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The Bizarre World Of eSports

Despite legal issues, stigma and a relatively niche audience, the eSports industry is set to balloon in value

16Jun

The salaries of professional soccer players, particularly those in Europe, have been the subject of long-running debate. Six-figure salaries are common, bonuses are huge and the escalation seen since the maximum wage was abolished in 1961 has been a spectacular example of a financial arms race. The words ‘overpaid’ and ‘footballer’ are often coupled and the subject is met with tutting and a shake of the head when brought up amongst friends.

How, then, will people react when the salaries of professional gamers surpass theirs - they have, for most people, by the way. According to the Guardian, ‘star players [earn] salaries and prize pots of up to $12 million.’ Playing video games now technically counts as ‘training’, as competitive computer playing (eSports) takes gigantic strides toward being a mainstream pursuit. The notion of a sea of fans watching on - with even more, naturally, watching online - as players sit in front of computers might seem odd, but it’s gaining traction quickly. Like soccer players, pay is set to skyrocket and, like soccer, the industry is set to become incredibly lucrative.

One startup placing all its chips on eSports is Skillz. The San Francisco startup broadcasted 8.5 million minutes of professional gaming across the likes of YouTube and Twitch last year, and expects that figure to rise to 40 million this year, according to TechCrunch. The company ‘paid out 21% of last year’s eSports prizes worldwide and is on target to pay out 38% of eSports prize money won in 2016 tournaments.’ The company generated $20 million in entry fees in 2015, a figure set to more than double this year - eSports is already huge business.

Sky Sports, too, has jumped on the trend, and is set to broadcast what will be one of its stranger products: a 24-hour dedicated eSports channel. Both Sky and ITV are set to take a minority stake in the new Ginx eSports TV, as part of an attempt to ride the industry’s journey into the mainstream. There’s no doubt the move is supported by numbers; of the 20 most subscribed YouTube channels, five are dedicated to gaming, with the number one in the world being PewDiePie, a Swedish gamer with 45 million subscribers. If this enthusiasm could be translated into competitive gaming figures, the revenue potential could be huge.

And Skillz’ claims are bold. The startup’s website cites a USA Today piece that claims ‘more people watch eSports than watch the MLB World Series or NBA Finals’, and a Juniper Research report that claims ‘eSports will have bigger audiences than the NFL by 2020.’ Incidentally, the institute also claims that subscription revenues will reach $1 billion in the same year, and that the industry is ‘on pace to surpass $9 billion in revenue by 2017.’ Such comparisons and figures are difficult to believe but, with younger audiences, the scale is vast. ITV’s managing director of online, pay and interactive, Simon Pitts, said: ‘eSports is experiencing phenomenal growth and Ginx’s vision is to bring together two incredibly popular forms of entertainment – gaming and television – to create a unique, global proposition.’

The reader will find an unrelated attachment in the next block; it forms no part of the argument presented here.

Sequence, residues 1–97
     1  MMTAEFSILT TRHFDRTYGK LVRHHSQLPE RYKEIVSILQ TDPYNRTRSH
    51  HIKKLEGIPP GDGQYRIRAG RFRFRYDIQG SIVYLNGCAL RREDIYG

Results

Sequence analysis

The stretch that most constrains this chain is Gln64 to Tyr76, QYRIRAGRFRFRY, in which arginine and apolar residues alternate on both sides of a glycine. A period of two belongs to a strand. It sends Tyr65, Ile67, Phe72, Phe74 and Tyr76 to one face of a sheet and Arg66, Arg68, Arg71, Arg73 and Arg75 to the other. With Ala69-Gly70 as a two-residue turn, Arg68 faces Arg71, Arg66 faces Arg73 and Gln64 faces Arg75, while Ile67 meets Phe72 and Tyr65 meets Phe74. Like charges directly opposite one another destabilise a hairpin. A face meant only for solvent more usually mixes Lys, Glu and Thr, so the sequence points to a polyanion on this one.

With an influx of cash comes a host of legal issues, though. Firstly, competitive gaming is currently suffering from immigration woes. The P-1 Visa, ‘applicable to aliens entering the United States to perform at a specific athletic competition as an athlete’, is notoriously difficult to get. It’s withholding has held many gamers back, as immigration officials will be largely inexperienced in awarding them for eSports events. The eSports community is currently ‘eagerly anticipating a White House response to a petition asking eSports to be formally recognized as athletics.’ Whatever your opinion is on eSports’ validity as sporting endeavour, it certainly has both the audience and the financial backing to overcome these kinds of problems.

Also problematic are the legal issues surrounding competitors’ pay. With the industry in its infancy, and its participants generally fairly young, the employment status of the players is itself a complicated matter. Some are given full-time contracts, others are self-employed, others are contractors - issues of tax and employment status are becoming rife as the eSports industry balloons. ‘It’s really complicated,’ eSports lawyer Jas Purewal told Red Bull. ‘Tax, and employment issues, and immigration, are the three most complex issues in eSports and I jest not when I say at conferences that resolving those challenges in eSports is the life's work of lawyers in the future.’

It’s difficult to imagine competitive gamers becoming global superstars, but in a sense they already have done. YouTube celebrities and Twitch fanatics have paved the way for a new breed of competition to take off, not just online but on TV. The nature of eSports make it destined to remain on the fringes, but this doesn’t mean it won’t be a lucrative industry - people pay to watch darts, after all - and with the backing of major broadcasters and some already notable sponsors, it seems the world of sports’ push to ‘go digital’ is being taken all too literally.

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